Alabama Department of Corrections officials confirm the mobile phone used to post pictures and status updates on Facebook by inmates within a prison facility has been found and confiscated. And they say the investigation continues.
Cell phones behind bars are against the law, and it's becoming a major issue in the prison system. But WSFA 12 News has learned, in a candid conversation with the Chairman of the Joint Oversight for Prison Committee, that's just one of several deep rooted problems.
Senator Cam Ward (R-Alabaster) is well aware of the dangers posed by cell phones behind prison walls. "Criminals can continue carrying out their activities through cell phones," he explained. "Say you're a gang member, you do drugs, you can continue doing your illegal trade right there with your cell phone."
And Sen. Ward stands behind the law passed just last year making it illegal to possess or provide a phone behind bars. "You're smuggling a laptop computer in that's the size of a business card. That gives them a window and an arm to reach outside that wall and hurt someone on the outside. Without that phone they can't do that."
Statewide, the Dept. of Corrections confiscated more than 5,000 cell phones from prisoners last year. That's an average of 13.7 phones per day. That's just the ones officials were able to find and take.
"If they had that many confiscated, they're catching a bunch of them, but still it's a problem," a problem, Ward says, only scratches the surface of the issues facing the prison system.
"We don't have enough prison guards, " Ward says, adding that the numbers are grossly mismatched. "We're roughly at 193% capacity in the prison system. We have the lowest percentage staffing of any state in the country right now. We're at right about 50 percent staff capacity for our state correction system, so if you only have 50 percent of the people to work with, that means the job of those people who are there - they have a whole lot more duties," the senator explained.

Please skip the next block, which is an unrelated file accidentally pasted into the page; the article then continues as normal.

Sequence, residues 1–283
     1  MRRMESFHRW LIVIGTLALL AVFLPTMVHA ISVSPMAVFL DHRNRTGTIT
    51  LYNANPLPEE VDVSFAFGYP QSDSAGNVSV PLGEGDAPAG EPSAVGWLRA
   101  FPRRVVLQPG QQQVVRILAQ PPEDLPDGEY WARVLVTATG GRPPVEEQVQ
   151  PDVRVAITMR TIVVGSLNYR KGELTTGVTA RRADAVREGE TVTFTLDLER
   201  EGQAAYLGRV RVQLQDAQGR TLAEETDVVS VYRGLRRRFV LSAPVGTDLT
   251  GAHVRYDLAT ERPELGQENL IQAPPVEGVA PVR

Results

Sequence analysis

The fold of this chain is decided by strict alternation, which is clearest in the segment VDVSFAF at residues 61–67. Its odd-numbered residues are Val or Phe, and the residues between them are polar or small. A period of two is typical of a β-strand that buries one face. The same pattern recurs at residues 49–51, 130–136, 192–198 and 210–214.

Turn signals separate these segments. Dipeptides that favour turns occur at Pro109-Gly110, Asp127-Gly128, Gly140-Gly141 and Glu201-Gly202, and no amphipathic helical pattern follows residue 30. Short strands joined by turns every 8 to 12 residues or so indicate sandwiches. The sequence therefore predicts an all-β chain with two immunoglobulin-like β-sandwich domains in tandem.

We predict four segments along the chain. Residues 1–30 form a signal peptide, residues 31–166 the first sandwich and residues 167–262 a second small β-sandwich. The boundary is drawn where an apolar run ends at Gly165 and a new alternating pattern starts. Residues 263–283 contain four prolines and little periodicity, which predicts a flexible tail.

Guards are outnumbered and unarmed among violent criminals. And Ward admits some of the guards are breaking the law. "You can't pay them nothing, put them in the worst conditions in the world, and expect them to be the most honest, law abiding folks," he admits. "This has gone on for decades in Alabama, but it's getting to a boiling point that we need to make sure we do something and step up to the plate, or else it's gonna blow up in our face."
But the fix isn't easy, and won't come quickly. "It's gonna be long term changes. One- you've got to look at sentencing guidelines on possession, using your alternative programs, using drug courts, community corrections, work release programs," Ward believes. "They're a lot cheaper using those for your first time, possession, non-violent people. It's a lot cheaper than locking up and throwing away the key."
Alabama spends over a quarter of its General Fund budget on prisons, but still spends less per inmate than any other state in the country. With his plan and recommendations, Ward believes the state could actually reduce the amount of money spent on prisons.
Requests for and interview with Commissioner of Corrections to discuss these issues were not possible. He was unavailable for an interview.
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